This is for everyone. We’ve all felt it: A phone call that begins with “I have bad news”. A 6th sense that wakes you from a deep sleep. Knowing something you love isn’t going to wake up. Feeling the  weighted loss. Uncontrollable tears. The indescribable emotion that follows will stay for months, maybe even years. It wells up with no warning, or shoots of with an unavoidable trigger. Everyone experiences this phenomenon at least once in their lives. Children are not immune. 40somethings will feel it. Retirees. Even young adults who feel so immortal — so untouchable — can feel it.


This emotion, and the depression that can go with it are so very rarely talked about, and even more rarely handled correctly. So most people experiencing this go through it alone. Nobody knows how to deal with it; most don’t even want to.


When life halts our hearts like a sudden splat of a windshield bug, we go through a grieving process that is sometimes indefinable. At first, everything can seem normal, the hurt isn’t real.

My sophomore year in college an acquaintance came to Union to visit for an event. Another acquaintance got up in front of my Developmental Psychology class to announce my friend never made it to Union and he never would. He had been in an accident and didn’t make it out. The feeling was so odd and otherworldly. Someone who I sat next to in a writing class the previous year, whom I had casted as an angel in my Desire of Ages-inspired play was all of a sudden no longer in existence. He would be asleep now until Jesus came back.

The switch in my mind didn’t make sense. While I wasn’t best friends with him, nor even claim to have known him very well at all, this was the first time in my comprehended life I came across this phenomenon. It tore me apart.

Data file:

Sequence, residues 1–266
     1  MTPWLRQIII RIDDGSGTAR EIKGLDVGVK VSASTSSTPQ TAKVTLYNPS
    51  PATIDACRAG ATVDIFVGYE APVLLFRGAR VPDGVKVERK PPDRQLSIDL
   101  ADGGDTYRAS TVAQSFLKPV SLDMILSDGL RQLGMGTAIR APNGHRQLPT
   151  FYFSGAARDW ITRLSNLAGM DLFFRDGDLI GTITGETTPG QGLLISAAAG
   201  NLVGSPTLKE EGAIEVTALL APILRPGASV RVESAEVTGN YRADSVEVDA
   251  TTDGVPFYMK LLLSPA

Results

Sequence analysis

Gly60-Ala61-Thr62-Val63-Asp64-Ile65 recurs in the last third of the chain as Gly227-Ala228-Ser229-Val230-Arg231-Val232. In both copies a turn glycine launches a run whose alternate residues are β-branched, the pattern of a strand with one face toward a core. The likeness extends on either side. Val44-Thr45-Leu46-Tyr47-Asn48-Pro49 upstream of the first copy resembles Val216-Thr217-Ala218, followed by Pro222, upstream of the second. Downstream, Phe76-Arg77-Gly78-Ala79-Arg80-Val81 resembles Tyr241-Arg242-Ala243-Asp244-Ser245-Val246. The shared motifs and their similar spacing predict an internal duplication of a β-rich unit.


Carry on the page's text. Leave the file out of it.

One minute life makes sense, the next it changes completely. In the cases like this I’ve come to experience, I’ve noticed my brain is so unable to comprehend, that it’s easier to convince myself nothing has changed. To say a diagnosis, situation, or circumstance is false. It’s so difficult to explain this feeling to anyone outside of your imagination because nothing make sense and no words seem to convey it correctly. So I don’t talk about it. I distract with other things, more conversation, and zero alone time because that is too dangerous.

Alone time helps you think. And thinking helps you start to understand what has really happened. And none of us want to face that. At this stage, we don’t even want to pray or ask God why or turn to him for help or strength because we haven’t even allowed ourselves to realize what is real.

Eventually, enough reality will hit. People will talk, absence will become plain, and pain will set in. We will see the situation for what it truly, ugly is. But before this, we have to seek a community. People who don’t force us to talk about it, who don’t blame us for not acknowledging reality. We need people who can stick around through the silence to be there when it all comes crashing down and we are ready to scream.

Find your community.


Stay tuned for part 2 in this series.